Myanmar is unlikely to support India’s stand on the India-China tensions: Chinese Media
Beijing [China], July 12: Ahead of Myanmar military chief’s meeting with Indian Prime Minister and Defence Minister, China’s state-run Global Times has said that Myanmar is unlikely to support India’s stand on the tensions in the border area and cutting its economic ties with China.
Indian and Chinese troops are facing a continuing standoff in Doklam area.
Commander-in-chief of Myanmar armed forces, Senior General Min Aung Hlaing, whose eight-day-long tour to India began at Gaya on Friday, is set to meet to meet Prime Minister Narendra Modi, Defence Minister Arun Jaitley and National Security Advisor Ajit Doval on July 14.
“As Myanmar’s largest trade partner and largest source of investment, China is crucial for Myanmar’s external-policy strategy. India is going all out to make the visit by Myanmar’s military chief a resounding success following tensions on the border between India and China, but there is no reason for China to feel any anxiety,” said the article.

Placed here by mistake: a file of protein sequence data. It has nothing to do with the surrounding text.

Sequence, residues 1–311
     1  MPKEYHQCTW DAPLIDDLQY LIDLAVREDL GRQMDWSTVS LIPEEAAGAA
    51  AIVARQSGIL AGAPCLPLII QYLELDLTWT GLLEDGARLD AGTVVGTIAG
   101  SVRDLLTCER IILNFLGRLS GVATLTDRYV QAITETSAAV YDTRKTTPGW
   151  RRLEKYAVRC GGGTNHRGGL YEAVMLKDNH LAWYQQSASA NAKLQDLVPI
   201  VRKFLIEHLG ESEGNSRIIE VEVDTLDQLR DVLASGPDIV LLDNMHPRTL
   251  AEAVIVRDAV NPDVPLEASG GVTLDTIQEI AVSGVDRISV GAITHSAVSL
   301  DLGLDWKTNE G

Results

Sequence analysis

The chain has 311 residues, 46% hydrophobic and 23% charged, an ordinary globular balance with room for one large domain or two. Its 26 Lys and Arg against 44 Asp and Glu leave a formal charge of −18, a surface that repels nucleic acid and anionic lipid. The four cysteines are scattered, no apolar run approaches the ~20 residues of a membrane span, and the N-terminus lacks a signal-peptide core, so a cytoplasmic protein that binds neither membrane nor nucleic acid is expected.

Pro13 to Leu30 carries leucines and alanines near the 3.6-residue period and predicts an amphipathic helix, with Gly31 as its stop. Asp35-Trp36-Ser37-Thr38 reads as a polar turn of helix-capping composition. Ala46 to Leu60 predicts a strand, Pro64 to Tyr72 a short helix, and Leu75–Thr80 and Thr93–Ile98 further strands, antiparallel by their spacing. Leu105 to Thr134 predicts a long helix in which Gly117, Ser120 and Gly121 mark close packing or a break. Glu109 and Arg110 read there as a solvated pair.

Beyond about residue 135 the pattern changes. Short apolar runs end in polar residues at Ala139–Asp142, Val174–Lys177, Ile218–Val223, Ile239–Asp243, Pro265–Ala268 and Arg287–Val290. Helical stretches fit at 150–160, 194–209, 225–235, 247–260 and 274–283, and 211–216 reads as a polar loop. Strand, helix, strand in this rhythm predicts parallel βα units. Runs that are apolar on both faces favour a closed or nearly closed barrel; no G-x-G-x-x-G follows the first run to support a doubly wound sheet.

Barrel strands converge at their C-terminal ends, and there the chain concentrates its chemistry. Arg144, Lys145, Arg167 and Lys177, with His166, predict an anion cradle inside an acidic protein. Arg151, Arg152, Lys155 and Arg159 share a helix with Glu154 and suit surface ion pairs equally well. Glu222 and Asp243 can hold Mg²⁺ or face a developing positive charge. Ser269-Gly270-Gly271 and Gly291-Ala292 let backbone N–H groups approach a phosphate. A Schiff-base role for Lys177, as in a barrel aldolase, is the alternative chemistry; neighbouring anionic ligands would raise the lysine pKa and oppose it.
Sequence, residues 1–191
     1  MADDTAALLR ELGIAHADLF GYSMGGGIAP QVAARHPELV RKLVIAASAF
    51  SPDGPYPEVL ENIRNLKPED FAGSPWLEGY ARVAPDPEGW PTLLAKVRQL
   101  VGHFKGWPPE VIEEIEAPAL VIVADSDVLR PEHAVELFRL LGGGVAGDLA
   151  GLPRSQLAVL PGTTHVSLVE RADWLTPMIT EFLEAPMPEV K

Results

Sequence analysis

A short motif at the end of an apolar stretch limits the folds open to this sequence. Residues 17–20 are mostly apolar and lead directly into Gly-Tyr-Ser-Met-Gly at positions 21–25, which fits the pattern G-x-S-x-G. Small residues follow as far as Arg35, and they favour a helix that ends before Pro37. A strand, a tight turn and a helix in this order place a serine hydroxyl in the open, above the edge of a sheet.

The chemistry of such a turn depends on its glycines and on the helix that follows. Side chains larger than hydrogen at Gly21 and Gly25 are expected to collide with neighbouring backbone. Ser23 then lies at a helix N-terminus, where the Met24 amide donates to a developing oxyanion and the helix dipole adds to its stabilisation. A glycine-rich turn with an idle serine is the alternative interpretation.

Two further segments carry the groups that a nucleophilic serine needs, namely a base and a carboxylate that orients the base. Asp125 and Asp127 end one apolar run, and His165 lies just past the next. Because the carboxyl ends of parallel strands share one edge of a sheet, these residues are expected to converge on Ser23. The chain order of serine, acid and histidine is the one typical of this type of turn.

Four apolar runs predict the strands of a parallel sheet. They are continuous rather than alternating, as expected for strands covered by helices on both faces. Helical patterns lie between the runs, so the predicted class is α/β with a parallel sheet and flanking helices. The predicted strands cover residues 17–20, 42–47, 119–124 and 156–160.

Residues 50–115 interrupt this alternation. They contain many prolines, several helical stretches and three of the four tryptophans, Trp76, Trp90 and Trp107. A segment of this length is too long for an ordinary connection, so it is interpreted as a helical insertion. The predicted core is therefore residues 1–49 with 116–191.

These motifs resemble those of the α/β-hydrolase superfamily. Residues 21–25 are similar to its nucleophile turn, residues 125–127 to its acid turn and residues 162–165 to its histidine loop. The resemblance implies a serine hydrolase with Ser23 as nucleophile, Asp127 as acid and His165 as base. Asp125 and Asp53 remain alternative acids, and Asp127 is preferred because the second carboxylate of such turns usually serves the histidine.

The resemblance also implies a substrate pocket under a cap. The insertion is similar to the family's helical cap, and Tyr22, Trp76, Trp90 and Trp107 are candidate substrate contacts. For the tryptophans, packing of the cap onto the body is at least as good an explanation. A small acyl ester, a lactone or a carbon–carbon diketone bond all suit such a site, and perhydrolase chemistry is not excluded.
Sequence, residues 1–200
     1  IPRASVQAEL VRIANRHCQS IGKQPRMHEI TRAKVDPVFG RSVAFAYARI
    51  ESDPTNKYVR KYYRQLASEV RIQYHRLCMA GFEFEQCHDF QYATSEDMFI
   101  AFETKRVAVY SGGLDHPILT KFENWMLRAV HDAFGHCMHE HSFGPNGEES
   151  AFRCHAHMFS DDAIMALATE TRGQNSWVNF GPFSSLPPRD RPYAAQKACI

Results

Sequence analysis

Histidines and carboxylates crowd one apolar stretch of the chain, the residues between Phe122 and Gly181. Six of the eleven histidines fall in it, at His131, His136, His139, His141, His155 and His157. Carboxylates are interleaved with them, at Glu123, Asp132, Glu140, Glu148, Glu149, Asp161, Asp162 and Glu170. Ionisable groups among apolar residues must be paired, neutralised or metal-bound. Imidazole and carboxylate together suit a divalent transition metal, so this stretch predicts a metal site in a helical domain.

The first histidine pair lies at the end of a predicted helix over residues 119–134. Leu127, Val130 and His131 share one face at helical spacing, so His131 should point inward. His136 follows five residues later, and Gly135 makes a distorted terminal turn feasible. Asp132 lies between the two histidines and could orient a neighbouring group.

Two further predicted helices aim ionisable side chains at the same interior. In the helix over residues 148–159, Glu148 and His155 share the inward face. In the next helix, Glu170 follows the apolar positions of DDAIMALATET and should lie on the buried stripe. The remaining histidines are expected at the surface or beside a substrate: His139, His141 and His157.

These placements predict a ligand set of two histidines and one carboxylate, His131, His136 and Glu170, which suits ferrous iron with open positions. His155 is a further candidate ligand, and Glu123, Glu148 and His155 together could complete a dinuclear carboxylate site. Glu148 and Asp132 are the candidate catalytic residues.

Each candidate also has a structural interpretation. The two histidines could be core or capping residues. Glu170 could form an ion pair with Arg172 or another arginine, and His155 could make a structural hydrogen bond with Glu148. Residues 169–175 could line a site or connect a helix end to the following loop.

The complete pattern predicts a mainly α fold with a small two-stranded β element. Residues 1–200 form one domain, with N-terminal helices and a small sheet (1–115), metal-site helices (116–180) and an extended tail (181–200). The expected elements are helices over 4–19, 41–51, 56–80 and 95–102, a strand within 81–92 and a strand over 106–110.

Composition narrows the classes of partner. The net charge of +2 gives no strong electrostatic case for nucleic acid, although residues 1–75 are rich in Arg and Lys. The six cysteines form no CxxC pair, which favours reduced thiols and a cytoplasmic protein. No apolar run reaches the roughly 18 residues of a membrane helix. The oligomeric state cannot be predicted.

” Myanmar is unlikely to do a stupid thing like supporting India’s stand on the tensions in the border area, as that would risk cutting its economic ties with China. There is tremendous potential for further economic and trade cooperation between China and Myanmar,” it added.
The article said that in addition to Myanmar, China should also keep a close eye on economic cooperation with some South Asian countries like Bangladesh to promote economic integration.
“This could promote the formation of a string of active economic development zones surrounding India, which would not be a bad thing if it could place pressure on New Delhi to deepen its economic cooperation with neighboring countries,” it said.
It also added that hopefully, India could make a greater contribution to improving infrastructure in Myanmar under the framework of the Bangladesh-China-India-Myanmar Economic Corridor.
This would help to connect the markets in India, China, and Southeast Asia, the world’s three most active economic regions.